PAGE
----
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Saturday, February 4, 2012

What Not to Wear, part 2

I bought a few items of clothing at the Salvation Army store last summer before I left on my venture. I bought them so I would have the right clothing for India and Palestine, the two places I'd spend the most time and the two most conservative places I'd be, at least in the particular areas I'd be living, Chatra and Nablus. I bought a pair of Capri pants (which I wore and left in India), a long summery skirt (worn in India, brought with me for the rest of my travels), and two long winter skirts for Palestine (left at home until my parents and I met up in Spain).

I think I did OK with clothing for India, especially since I bought some clothes there- a sari, a few kurtas (essentially Indian tunics), and salwar  kameez suits (one I bought at the beginning of my time, a few others were given to me towards the end). When I wore my Indian clothes, I always got lots of compliments. When I wore my Western clothes, the girls at the English Medium school, likely influenced by what they'd seen on TV or in movies, told me I looked beautiful. It was rather flattering to be complimented no matter what I wore!

I thought I'd done pretty well with clothes for Nablus, too. I had long sleeved shirts, scarves for around my neck, long pants, and the long skirts I'd bought.  I also brought one of my kurtas and 2 of my salwar kameez suits since they are appropriately modest. Most of what I brought is just right. However, much to my dismay, I found out that the long skirts I'd bought especially for Palestine would not do.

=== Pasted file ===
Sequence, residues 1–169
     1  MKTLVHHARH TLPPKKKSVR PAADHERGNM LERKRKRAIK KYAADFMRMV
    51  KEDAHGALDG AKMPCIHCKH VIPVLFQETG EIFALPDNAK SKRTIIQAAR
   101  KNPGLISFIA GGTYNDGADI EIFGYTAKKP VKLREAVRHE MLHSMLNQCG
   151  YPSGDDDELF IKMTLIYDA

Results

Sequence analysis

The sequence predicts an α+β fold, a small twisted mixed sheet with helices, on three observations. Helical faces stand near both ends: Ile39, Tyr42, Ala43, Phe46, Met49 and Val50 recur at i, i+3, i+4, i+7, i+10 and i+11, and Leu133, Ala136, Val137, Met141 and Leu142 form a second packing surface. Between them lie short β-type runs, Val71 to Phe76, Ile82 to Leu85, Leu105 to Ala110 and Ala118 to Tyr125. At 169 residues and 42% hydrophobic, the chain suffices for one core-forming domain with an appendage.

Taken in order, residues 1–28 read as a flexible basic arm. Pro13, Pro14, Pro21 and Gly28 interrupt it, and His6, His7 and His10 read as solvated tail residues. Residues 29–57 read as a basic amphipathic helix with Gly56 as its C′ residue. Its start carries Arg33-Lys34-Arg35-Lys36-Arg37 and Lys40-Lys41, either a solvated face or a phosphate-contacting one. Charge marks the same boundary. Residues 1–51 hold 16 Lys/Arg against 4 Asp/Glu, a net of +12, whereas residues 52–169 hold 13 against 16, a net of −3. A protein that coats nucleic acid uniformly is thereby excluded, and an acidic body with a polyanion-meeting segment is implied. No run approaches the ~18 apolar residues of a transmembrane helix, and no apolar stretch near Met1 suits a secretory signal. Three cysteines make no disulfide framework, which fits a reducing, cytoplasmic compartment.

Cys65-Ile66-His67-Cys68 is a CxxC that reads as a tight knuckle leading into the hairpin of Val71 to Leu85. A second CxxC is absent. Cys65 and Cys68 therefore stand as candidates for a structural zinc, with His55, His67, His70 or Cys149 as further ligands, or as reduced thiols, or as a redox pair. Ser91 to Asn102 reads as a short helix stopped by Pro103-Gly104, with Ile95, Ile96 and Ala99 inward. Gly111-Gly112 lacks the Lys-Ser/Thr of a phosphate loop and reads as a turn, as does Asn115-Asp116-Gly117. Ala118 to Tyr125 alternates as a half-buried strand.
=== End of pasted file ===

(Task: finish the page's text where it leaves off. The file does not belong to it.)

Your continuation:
The skirts are modest; that is not the problem. The problem is that the only people around here who wear long skirts like the ones I bought are Israeli settlers. It is not a good thing in Palestine to look like a settler. Doing so might give the impression that I align myself with them, an impression I most definitely do not want to give.

As I hear more horror stories about settler actions, I want to distance myself in every way possible from them. Recently I visited the Greek Orthodox church built around Jacob's Well (see John 4:13-14 for a reference to this place).  One of the icons in the church is of a settler killing the priest who worked there until 1979.  That year a settler brutally murdered him.

The same day I visited the church, a Project Hope volunteer who is a reporter told us a story she'd heard that day in a nearby village. Recently, two 14 year-old Palestinian boys were detained for some reason by the Israeli military (very common). Their hands and feet were bound and soldiers were taking them somewhere when the group ran into a settler. The settler asked the soldiers if he could hit the kids. The soldiers said yes and the settler kicked them in the face and when they fell to the ground, kicked them some more and stomped on them. At some point after the beating, the boys were released and their families tried to take legal action against the settler. However, the soldiers and settler denied what had happened and that was the end of it. It makes me sick to my stomach to even think about it and this sort of thing happens all the time.  I've heard story after story like this about both settlers and soldiers. The above behavior is the norm rather than the exception. So, no, I don't want anyone to mistake me for a settler.

Thankfully, I bought the skirts second-hand and cheap. I didn't waste too much money on them, though they are yet another item that my parents didn't need to haul across the ocean for me (the Arabic books mentioned in a previous post being the first such items). The rest of my clothes will do for now and I guess I'll find something to do with the skirts...

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